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2.3 Analysis

As we have stated in the procedure part of the chapter, 2.1, we shall use the evaluative mode of research where we provide information useful in for decisions about public policy or private issues. In this method, we shall conduct a survey of the people who had experienced living in an evacuation area provided by the authority and the people who are experiencing it today. Why shall we choose them as the respondents for this topic? Because, they, of all people know the hardships and discomfort of living in an evacuation area where there is no proper or comfortable space. Some are even unsanitary. We could talk to pregnant women or disabled people on how it is for them being in the evacuation center, or parents on how is their familys situation. We could also talk to children. Ask them how do they feel? Can they sleep well at night? Well ask people how they eat. Do they like their situation? Because to provide a proper conclusion for this research project, we must also try to understand our respondents. We would like to introduce them a better shelter alternative that the government could provide, either by a focus group discussion or a talk, which is more comfortable and appropriate folding houses for each family. In here, they would have more privacy than in a basketball court, classrooms and the other usual places where the evacuation areas are located. In the survey sheet, there shall be questions, that the answers would describe the victims current or past situation and experiences during the times they stayed in an evacuation area that were provided by the government, and what they think their situation would be if there will be folding houses in evacuation areas.

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Then the situation they are in, in the current evacuation center, and their vision of their possible situation theyd be in if there are folding house, will be compared. And through this comparison, we shall see the changes they envision.

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References Bacani, L. (2014) Palace on bunkhouse mess: We don't need to follow Int'l standards. In PhilStar Headlines. Retrieved from http://www.philstar.com/headlines/2014/01/08/1276499/palace-bunkhousemess-we-dont-need-follow-intl-standards BBC (2013). Typhoon Haiyan. BBC News Asia. Retrieved from http://www.bbc.co.uk/news/world-asia-25051606 Calonzo, A. (2014) Wrong materials used in Yolanda bunkhouses, DPWH chief admits. In GMA News Online. Retrieved from http://www.gmanetwork.com/news/story/347272/news/nation/wrongmaterials-used-in-yolanda-bunkhouses-dpwh-chief-admits CBB (2008). In Department of Science and Technology Republic of the Philippines. Retrieved from http://fprdi.dost.gov.ph/index.php?option=content&task=view&id=141 Del Callar, M. (2013) UN: $301M needed for Yolanda action plan; int'l aid total now at P2.585B. In GMA News Online. Retrieved from http://www.gmanetwork.com/news/story/335069/news/nation/un-301mneeded-for-yolanda-action-plan-int-l-aid-total-now-at-p2-585b Dinglasa, R. (2014) Millions of survivors in need of homes 100 days after Yolanda UN. In Interaksyon News Online. Retrived from http://www.gmanetwork.com/news/story/348664/news/regions/millions-of-survivors-inneed-of-homes-100-days-after-yolanda-un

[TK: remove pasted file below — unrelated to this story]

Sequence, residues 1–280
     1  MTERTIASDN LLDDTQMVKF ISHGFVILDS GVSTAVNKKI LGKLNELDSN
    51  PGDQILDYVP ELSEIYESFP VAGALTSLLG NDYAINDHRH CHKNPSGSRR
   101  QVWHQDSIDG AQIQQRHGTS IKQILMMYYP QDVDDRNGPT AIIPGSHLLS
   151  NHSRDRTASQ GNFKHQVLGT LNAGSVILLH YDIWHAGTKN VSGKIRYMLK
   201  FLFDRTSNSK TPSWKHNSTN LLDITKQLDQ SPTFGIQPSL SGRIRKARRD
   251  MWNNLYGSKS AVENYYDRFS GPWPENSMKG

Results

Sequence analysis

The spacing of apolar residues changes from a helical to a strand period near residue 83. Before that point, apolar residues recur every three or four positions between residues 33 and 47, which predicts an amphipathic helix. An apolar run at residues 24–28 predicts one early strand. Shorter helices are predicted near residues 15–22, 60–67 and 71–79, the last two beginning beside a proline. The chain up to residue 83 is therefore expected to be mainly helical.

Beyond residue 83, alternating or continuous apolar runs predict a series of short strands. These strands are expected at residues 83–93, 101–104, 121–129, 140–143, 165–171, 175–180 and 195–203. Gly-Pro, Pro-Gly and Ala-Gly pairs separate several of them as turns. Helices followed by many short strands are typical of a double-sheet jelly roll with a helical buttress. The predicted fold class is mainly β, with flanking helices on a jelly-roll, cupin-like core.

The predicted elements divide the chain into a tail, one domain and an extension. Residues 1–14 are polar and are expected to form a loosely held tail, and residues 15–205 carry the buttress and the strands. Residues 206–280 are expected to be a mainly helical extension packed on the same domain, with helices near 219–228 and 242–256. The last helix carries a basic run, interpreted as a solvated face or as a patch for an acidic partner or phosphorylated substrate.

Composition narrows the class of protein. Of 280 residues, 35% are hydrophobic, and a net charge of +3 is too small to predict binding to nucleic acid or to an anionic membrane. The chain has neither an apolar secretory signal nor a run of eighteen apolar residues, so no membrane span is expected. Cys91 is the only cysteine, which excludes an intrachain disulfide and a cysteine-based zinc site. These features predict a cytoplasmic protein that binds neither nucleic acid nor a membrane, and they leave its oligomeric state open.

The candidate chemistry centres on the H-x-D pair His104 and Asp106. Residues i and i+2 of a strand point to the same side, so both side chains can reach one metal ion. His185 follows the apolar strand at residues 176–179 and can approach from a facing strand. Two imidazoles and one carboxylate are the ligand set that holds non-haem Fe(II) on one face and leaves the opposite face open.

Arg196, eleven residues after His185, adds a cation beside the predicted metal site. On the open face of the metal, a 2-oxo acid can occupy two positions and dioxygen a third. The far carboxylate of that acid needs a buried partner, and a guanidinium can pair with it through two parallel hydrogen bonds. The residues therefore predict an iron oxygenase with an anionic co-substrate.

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Diola, C. (2013) Number of nations sending aid for Yolanda victims growing. In Headlines Philippine Star. Retrieved from http://www.philstar.com/headlines/2013/11/11/125527/number-nations-sending-aidyolanda-victims-growing Gagalac, R. (2014) What's wrong with 'Yolanda' bunkhouses. In ABS-CBN News. Retrieved from http://www.abs-cbnnews.com/focus/01/07/14/whats-wrong-yolanda-bunkhouses Lacuata, R. (2013) Foreign aid for Yolanda victims reaches P14B. In ABS CBN News. Retrieve from http://www.abs-cbnnews.com/nation/11/21/13/foreign-aid-yolanda-victims Lavia, D. (2014) International standards for bunkhouses. In Manila Standard Today. Retrieved from http://manilastandardtoday.com/2014/01/14/internationalstandards-for-bunkhouses/ Lozada, B. (2014) Architect Palafox: Bunkhouses built by govt violate building code. In Daily Inquirer. Retrieved from http://newsinfo.inquirer.net/559497/architect-palafoxbunkhouses-built-by-govt-violate-building-code Martin A. and Anonas F. (2011) DOSTs F-House eyed as emergency shelter. Department of Science and Technology Republic of the Philippines. Retrieved from http://www.dost.gov.ph/index.php?option=com_content&view=article&id=1417:dosts-fhouse-eyed-as-emergency-shelter&catid=1:latest&Itemid=150 Presse, A. (2014) Needs for Yolanda survivors remain enormous. In Interaksyon News Online. Retrieved from http://www.interaksyon.com/article/80805/100-days-after--needs-ofyolanda-survivors-remain-enormous----un